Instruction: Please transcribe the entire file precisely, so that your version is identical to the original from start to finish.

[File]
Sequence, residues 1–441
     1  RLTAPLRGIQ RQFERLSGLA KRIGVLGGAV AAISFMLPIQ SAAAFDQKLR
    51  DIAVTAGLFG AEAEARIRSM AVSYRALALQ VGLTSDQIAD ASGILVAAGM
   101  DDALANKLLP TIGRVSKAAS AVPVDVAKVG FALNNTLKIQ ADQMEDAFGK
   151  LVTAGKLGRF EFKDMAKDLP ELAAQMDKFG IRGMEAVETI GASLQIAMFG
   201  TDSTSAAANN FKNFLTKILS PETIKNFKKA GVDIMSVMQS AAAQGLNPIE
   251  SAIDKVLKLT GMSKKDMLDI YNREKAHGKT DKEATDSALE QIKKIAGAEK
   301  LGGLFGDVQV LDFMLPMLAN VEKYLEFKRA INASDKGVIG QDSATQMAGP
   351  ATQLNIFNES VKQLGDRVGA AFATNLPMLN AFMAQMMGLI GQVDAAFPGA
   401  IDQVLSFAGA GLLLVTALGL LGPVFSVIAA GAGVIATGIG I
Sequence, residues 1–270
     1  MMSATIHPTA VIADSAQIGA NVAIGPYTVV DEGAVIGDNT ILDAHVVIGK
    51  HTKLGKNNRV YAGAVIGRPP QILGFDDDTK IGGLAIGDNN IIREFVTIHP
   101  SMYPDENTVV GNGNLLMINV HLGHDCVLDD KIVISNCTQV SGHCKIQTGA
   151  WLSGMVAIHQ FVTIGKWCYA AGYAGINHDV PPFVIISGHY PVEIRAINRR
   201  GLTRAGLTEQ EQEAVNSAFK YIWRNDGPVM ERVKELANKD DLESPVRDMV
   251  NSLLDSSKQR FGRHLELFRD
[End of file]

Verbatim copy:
Sequence, residues 1–441
     1  RLTAPLRGIQ RQFERLSGLA KRIGVLGGAV AAISFMLPIQ SAAAFDQKLR
    51  DIAVTAGLFG AEAEARIRSM AVSYRALALQ VGLTSDQIAD ASGILVAAGM
   101  DDALANKLLP TIGRVSKAAS AVPVDVAKVG FALNNTLKIQ ADQMEDAFGK
   151  LVTAGKLGRF EFKDMAKDLP ELAAQMDKFG IRGMEAVETI GASLQIAMFG
   201  TDSTSAAANN FKNFLTKILS PETIKNFKKA GVDIMSVMQS AAAQGLNPIE
   251  SAIDKVLKLT GMSKKDMLDI YNREKAHGKT DKEATDSALE QIKKIAGAEK
   301  LGGLFGDVQV LDFMLPMLAN VEKYLEFKRA INASDKGVIG QDSATQMAGP
   351  ATQLNIFNES VKQLGDRVGA AFATNLPMLN AFMAQMMGLI GQVDAAFPGA
   401  IDQVLSFAGA GLLLVTALGL LGPVFSVIAA GAGVIATGIG I
Sequence, residues 1–270
     1  MMSATIHPTA VIADSAQIGA NVAIGPYTVV DEGAVIGDNT ILDAHVVIGK
    51  HTKLGKNNRV YAGAVIGRPP QILGFDDDTK IGGLAIGDNN IIREFVTIHP
   101  SMYPDENTVV GNGNLLMINV HLGHDCVLDD KIVISNCTQV SGHCKIQTGA
   151  WLSGMVAIHQ FVTIGKWCYA AGYAGINHDV PPFVIISGHY PVEIRAINRR
   201  GLTRAGLTEQ EQEAVNSAFK YIWRNDGPVM ERVKELANKD DLESPVRDMV
   251  NSLLDSSKQR FGRHLELFRD